Police corruption has increased dramatically with the illegal cocaine trade, and the officer acting alone or in-groups to steal money from dealer and/or distribute cocaine themselves. Large groups of corrupt police officers have been caught in New York, New Orleans, Washington, Dc, and Los Angeles. Corruption within police departments falls into two basic categories; internal corruption, involving relationships among the police within the works of the police department and external corruption, which involves police contact with the public.
There are many different forms of corruption; gratuity, involving free meals, free dry cleaning and discounts; bribery, involving the exchange of money or something of value between the police and wrong doer (this is very common among narcotics officers); theft and Burglary, involving officers stealing property, money and/or drugs from the department; and stealing from people under the influence, who essentially become victims of the police. A new form of police corruption developed in the early 1980’s and into the 1990’s, which include brutality, discrimination, sexual harassment, intimidation, and illicit the use of weapons.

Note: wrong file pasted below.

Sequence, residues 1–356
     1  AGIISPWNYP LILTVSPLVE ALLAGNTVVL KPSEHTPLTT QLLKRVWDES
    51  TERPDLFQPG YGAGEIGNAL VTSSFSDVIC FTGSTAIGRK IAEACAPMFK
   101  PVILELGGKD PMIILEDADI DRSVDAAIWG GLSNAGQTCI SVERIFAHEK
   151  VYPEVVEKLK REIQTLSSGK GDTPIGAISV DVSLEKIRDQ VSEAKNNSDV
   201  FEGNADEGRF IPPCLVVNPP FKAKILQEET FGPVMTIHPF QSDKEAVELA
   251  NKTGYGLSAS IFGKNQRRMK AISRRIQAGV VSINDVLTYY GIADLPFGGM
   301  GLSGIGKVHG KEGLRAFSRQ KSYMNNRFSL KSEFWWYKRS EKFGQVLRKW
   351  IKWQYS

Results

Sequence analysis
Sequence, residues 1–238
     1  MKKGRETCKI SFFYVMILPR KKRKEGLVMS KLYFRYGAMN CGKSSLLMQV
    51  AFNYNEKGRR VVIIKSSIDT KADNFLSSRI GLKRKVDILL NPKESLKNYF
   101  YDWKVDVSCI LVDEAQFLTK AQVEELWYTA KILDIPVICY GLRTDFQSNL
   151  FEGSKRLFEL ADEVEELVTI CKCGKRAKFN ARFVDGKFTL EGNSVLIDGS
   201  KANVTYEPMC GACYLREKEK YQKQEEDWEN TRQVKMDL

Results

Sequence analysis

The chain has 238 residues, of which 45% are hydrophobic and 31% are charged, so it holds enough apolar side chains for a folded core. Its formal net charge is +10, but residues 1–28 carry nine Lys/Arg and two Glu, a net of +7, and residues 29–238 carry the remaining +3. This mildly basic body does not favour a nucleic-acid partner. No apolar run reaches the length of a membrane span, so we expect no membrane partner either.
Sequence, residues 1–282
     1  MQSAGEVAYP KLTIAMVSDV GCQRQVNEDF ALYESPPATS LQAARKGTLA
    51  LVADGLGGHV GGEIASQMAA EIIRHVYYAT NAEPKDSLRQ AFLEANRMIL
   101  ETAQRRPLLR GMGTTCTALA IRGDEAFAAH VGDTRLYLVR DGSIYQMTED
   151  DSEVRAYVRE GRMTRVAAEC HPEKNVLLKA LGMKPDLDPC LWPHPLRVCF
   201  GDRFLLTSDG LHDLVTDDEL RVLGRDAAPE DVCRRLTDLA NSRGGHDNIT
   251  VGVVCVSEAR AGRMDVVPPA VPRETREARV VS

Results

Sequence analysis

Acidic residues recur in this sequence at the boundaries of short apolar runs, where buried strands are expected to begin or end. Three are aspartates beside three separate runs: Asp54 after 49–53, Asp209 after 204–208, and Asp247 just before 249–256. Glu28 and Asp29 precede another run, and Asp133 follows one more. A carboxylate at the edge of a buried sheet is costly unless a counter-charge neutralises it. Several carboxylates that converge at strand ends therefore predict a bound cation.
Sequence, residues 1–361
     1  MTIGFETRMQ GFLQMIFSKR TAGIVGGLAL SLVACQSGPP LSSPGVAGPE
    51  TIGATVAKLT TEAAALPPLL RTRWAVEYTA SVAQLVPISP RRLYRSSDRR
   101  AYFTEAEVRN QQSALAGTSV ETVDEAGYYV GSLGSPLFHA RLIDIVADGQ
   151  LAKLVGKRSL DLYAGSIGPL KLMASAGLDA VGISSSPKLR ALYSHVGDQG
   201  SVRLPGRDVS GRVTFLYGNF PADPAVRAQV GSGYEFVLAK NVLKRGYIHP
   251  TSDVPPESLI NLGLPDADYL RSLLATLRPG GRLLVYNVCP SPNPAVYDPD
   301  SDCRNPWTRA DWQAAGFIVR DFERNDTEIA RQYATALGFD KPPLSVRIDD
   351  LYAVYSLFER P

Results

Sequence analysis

The Mollen Commission found that “most corrupt officers start off as honest and idealistic. ” The career of corruptions begins passively with accepting minor gratuities that gradually begin to involve more serious violation of the laws, involving larger amounts of money and officers initiating corrupt acts. It can be said that power inevitably tends to corrupt, and it is yet to be recognized that, while there is no reason to presume that police officers as individuals are any less fallible than other members of society, people are often shocked and outraged when officers are exposed violating the law.